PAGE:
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Can you get the section 6B tax credit for medical expenses paid for a ‘cosmetic’ operation?

12 August 2015   (0 Comments)
Posted by: Author: SAIT Technical
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Author: SAIT Technical

Q: I have a client who underwent a procedure for which the medical aid scheme did not pay. It was a full ‘out-of-pocket’ procedure. According to the ICD10 code, it might have been an operation of a cosmetic nature of the stomach. That might be the reason for the medical aid not paying. 

According to the definition, any procedure or service rendered by a medical professional can be claimed for tax purposes. Would this then be allowed as a deduction for her 2015 return? 

Could you please advise me about the deductibility of the expense?

A: The issue is whether or not it is qualifying medical expenses as defined in section 6B.  We accept that, if she was a member of a medical scheme it may not have been covered, because cosmetic surgery is elective and for that reason not usually covered by medical schemes.  It may also not qualify as a "relevant health service” in terms of the definition in the Medical Schemes Act, 1998.  The Income Tax Act, however, doesn’t refer to this. 

The section 6B(1)(a)(i) requirement is that it must be "amounts … paid by the person … to any duly registered medical practitioner, dentist, optometrist, homeopath, naturopath, osteopath, herbalist, physiotherapist, chiropractor or orthopaedist for professional services rendered or medicines supplied to the taxpayer…”  The subsection doesn’t, as with nursing or a nurse (in item (ii)), refer to illness or confinement.  The item (i) expenses are also not further qualified as is for instance expenses in consequence of any physical impairment or disability suffered by the taxpayer – there the expenses must be prescribed by SARS.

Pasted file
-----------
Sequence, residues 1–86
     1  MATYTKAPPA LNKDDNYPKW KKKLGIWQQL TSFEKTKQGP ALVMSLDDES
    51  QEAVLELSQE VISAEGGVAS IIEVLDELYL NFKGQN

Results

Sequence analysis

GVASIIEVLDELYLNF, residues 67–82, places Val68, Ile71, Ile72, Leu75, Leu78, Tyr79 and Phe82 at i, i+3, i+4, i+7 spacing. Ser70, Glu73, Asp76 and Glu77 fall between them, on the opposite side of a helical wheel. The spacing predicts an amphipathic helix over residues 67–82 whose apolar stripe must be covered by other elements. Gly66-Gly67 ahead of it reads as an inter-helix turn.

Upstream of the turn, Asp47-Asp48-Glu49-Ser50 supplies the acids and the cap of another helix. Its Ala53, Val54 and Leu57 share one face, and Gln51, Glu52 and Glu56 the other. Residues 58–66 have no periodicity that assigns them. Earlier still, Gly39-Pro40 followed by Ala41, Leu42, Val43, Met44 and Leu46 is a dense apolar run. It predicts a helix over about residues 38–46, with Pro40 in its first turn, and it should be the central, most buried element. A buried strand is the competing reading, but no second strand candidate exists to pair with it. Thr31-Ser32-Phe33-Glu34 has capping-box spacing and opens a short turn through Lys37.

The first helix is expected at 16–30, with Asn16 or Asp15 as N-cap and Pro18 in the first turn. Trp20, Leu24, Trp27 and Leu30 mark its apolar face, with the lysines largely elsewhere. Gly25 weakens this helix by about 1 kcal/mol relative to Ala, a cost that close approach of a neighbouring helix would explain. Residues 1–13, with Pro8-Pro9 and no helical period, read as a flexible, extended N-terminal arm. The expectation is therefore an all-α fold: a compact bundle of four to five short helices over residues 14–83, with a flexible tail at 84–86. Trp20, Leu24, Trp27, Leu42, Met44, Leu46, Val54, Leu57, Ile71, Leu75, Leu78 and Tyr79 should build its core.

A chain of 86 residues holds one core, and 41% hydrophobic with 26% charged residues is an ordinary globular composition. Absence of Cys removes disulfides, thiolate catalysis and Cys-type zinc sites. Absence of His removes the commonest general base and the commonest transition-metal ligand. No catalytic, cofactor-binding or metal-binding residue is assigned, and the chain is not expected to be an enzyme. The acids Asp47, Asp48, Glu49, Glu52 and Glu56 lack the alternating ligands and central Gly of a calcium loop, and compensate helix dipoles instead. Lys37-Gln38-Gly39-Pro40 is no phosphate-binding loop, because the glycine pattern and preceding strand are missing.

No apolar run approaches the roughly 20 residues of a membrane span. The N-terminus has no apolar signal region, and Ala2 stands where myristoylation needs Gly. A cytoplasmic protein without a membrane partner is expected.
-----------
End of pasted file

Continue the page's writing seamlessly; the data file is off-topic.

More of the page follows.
The only requirements then seem to be that it is paid to a duly registered person (mentioned in the section) and that it must be for professional services rendered.  We submit that duly registered refers to registered with the Health Professions Council of South Africa – see SARS’s guide on the determination of medical tax credits and allowances.   

No guidance is given on the meaning of professional services rendered and the phrase must take its ordinary meaning.  The Health Professions Act, 1974, refers to a person practicing "any health profession the practice of which mainly consists of -

(i)                              the physical or mental examination of persons;

(ii)                            the diagnosis, treatment or prevention of physical or mental defects, illnesses or deficiencies in man humankind;

(iii)                           the giving of advice in regard to such defects, illnesses or deficiencies; or

(iv)                          the prescribing or providing of medicine in connection with such defects, illnesses or deficiencies…”

As the taxpayer would bear the onus of proof if the claim is disputed (it could well be that SARS’s view may be that it is not qualifying medical expenses) it is suggested that you provide the client with a tax opinion or obtain one from SARS. 

Disclaimer: Nothing in this query and answer should be construed as constituting tax advice or a tax opinion. An expert should be consulted for advice based on the facts and circumstances of each transaction/case. Even though great care has been taken to ensure the accuracy of the answer, SAIT do not accept any responsibility for consequences of decisions taken based on this query and answer. It remains your own responsibility to consult the relevant primary resources when taking a decision. 


Section 240A of the Tax Administration Act, 2011 (as amended) requires that all tax practitioners register with a recognized controlling body before 1 July 2013. It is a criminal offense to not register with both a recognized controlling body and SARS.


The Act requires that a minimum academic and practical requirments be set to register with a controlling body. Click here for the minimum requirements of SAIT.

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